Passover countdown activities (kids)


OK folks, you won’t see this one on Pinterest. It’s not picture perfect, like some all those gorgeous photos other people are putting up. It’s made with the kids, and made to be used. And it didn’t take a ton of time!

It’s our Passover countdown!

Passover countdown

I like to get the kids involved with Passover cleaning, and this is one way to do it. I wrote a list of approximately 15 minute jobs for everyone to do together, once a day, Sunday – Thursdays until Passover. I mean everyone, from the 5 month old baby (who will observe very carefully while chewing her toes or maybe a toy) to the adults, who will supervise, assign pieces, and do the work. But everyone will be working. I read once that one woman won’t do any work for Passover unless someone else in the house is working, too. That totally wouldn’t work in my house of young kids! But I can get them to help, and so I will. It’s that darn homeschool mom in me teaching responsibility and life skills. ๐Ÿ™‚

Why Sundays through Thursdays? Because Friday and Saturday, we are busy with Shabbat prep or clean up. ๐Ÿ™‚ They have regular chores for those days. So 5 other days a week it is.

We have about a month to Passover. Here are some of my ideas for 15 minute jobs for everyone:

  • 15 minute dance party (that was for tonight after Purim. We did Passover music and had a lot of fun to kick off this project!)
  • Clean boys’ room (our bedrooms have only beds – clothes are in our family closet and toys are in our playroom. So 15 minutes should be OK with everyone actually working)
  • Clean girls’ room
  • Empty little lego bins and sort appropriately
  • Clean your own desk / drawer / shelf
  • Help clean wherever Mommy directs you (these are the last few)

I also have a 15 minute photo shoot. Maybe we’ll get some photos that are great, and if not, we’ll have 15 minutes of fun with the (digital) camera and clowning around kids!

Now on to how we made it so you can, too!

Start with empty toilet paper tubes. (I’ve got a bunch of these stacked mostly neatly, waiting for inspiration for crafts!)

Toilet paper tp tubes

 

Since I’ve got 4 weeks of 5 days = 20 days left, I used 10 tubes. Which brings us to step 2: cut them in half. Don’t worry if you squish them a little. They’ll bounce back. And you could totally break out the rulers and measure down to the 1000th of an inch, but I just eyeballed it. Don’t worry if it’s not perfect. And if you have a cute baby with little zebra footsie pjs on your lap who is “helping,” it’s even more fun!

IMG_1233

 

 

Cut them all in half. (I almost didn’t bother, but a. the whole tubes would be really long to reach into for your directions, and b. it takes a lot more tubes if you don’t!)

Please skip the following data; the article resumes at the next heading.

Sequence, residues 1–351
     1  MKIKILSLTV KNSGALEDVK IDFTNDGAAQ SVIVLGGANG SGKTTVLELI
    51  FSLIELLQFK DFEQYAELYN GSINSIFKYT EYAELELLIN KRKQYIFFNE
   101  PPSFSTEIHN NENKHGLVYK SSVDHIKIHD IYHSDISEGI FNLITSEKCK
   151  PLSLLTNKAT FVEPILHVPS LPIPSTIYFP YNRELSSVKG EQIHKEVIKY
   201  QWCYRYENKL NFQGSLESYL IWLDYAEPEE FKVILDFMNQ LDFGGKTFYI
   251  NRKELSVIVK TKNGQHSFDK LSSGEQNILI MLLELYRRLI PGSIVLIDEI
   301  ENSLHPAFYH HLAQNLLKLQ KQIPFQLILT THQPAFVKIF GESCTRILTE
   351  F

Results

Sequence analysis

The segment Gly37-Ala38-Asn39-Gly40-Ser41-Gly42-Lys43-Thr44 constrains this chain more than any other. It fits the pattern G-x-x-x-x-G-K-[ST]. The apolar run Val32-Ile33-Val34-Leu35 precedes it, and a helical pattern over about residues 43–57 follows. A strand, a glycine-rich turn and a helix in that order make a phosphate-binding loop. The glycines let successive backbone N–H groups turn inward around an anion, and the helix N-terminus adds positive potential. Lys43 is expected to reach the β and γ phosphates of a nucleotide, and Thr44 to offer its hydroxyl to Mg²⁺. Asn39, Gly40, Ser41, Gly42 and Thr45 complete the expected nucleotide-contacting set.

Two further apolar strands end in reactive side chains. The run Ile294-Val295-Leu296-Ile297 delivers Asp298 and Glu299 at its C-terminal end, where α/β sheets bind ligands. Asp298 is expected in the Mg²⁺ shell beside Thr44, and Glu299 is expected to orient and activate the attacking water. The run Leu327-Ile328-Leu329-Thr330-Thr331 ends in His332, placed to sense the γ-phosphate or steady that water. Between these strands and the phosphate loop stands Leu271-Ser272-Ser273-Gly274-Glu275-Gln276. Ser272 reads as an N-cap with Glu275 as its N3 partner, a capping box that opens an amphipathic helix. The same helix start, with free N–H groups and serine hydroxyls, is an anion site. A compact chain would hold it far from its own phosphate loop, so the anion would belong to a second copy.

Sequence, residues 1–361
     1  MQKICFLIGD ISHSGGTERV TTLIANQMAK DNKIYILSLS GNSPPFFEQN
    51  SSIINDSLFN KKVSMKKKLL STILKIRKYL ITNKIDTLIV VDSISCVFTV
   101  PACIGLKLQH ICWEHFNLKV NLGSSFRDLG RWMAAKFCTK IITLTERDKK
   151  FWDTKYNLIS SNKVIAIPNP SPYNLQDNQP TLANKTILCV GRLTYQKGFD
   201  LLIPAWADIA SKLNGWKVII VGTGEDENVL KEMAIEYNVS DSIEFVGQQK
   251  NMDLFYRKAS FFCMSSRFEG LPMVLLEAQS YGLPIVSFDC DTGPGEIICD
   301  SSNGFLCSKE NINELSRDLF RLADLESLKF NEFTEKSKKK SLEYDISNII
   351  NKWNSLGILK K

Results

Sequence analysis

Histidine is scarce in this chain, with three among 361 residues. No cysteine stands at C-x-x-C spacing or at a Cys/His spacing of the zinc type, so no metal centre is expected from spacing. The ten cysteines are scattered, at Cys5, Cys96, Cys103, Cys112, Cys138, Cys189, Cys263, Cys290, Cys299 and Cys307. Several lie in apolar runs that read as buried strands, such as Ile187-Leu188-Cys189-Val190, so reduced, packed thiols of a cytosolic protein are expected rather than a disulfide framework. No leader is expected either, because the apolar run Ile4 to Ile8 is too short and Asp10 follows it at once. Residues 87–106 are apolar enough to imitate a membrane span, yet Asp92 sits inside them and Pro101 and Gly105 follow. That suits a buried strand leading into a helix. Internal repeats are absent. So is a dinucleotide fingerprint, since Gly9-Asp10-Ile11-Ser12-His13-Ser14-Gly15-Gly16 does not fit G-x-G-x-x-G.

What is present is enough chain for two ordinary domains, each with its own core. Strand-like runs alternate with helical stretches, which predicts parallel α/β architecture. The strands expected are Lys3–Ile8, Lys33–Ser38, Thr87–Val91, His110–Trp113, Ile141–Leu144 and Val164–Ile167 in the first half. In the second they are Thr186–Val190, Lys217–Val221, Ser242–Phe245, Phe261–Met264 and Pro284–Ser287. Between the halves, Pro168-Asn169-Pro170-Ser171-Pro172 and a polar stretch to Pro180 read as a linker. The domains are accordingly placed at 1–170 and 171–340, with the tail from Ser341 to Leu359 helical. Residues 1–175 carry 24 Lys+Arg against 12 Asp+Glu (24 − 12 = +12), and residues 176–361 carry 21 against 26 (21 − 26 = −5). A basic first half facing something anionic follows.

halved tp tubes

 

Now it’s time to call in the helpers. We used scented markers to decorate all sides, include inside and the rims of most of them.

IMG_1237 IMG_1239

Then take a piece of cardboard (or sturdy paper) of approximately the right size and put a lot of glue on it. Remember, this isn’t perfect and the tubes won’t all be able to reach the glue all of the way around since they aren’t cut perfectly. We want those tp tubes glued onย tightly, so we need enough glue to reach them.

IMG_1245

 

Put the tubes on the paper so they are all basically touching. Again, perfection doesn’t matter, just do it! (And if you have a flowered raincoat to wear over your dress and skirt and tutus while you do it, even better.)

IMG_1246

Weigh it down with books to dry. If you used a bunch of glue (and you should!), it will dry all wonky otherwise. So stick it down. (And on another note, attempting to put a large rubber band around the whole thing will cause a lot of tension, and eventually, some of the glue covered tubes will launch themselves into the air, cackling madly. Or that could have been my 4 year old. Well, the cackling. The launching was definitely the gluey tubes. By themselves. Because of the rubber band. So, you know, just use the books.)

IMG_1247 IMG_1262

The dried product. I made my list of jobs in Word, triple spaced between lines, and cut each up. Fold it up and drop it into a tube. Time to find some tissue paper and cut it into rough squares approximately the size needed to cover the holes. And find a gluestick, too. Then gluestick all the tops of the (filled) tubes and stick tissue paper over it, being careful to tuck the edges down so when you punch out one, not all of them come with it.

IMG_1263

 

Count backward and write the numbers on the tissue paper covered tubes. I also included Shabbat in my countdown to make it flow better, and I have a title on top with the days of the week.
IMG_1264

 

Each day one kiddo gets to poke their finger into the paper and pull out our slip with marching orders. Then we’re all off to 15 minutes of work together. Here’s another shot of the finished product.

IMG_1265Passover countdownAnd there you have it, our Passover countdown! A fun way to assign chores and keep working a little each day toward Passover, and our redemption!

(Hey, it’s cute. Maybe I will pin it after all…)


About Amital

A die-hard listmaker and observant Jewish mommy of 5, managing the challenges of life bit by bit with the help of a Shalom Bayit book and lists. And chocolate, of course. Lots of chocolate.

Leave a comment

Your email address will not be published. Required fields are marked *

CommentLuv badge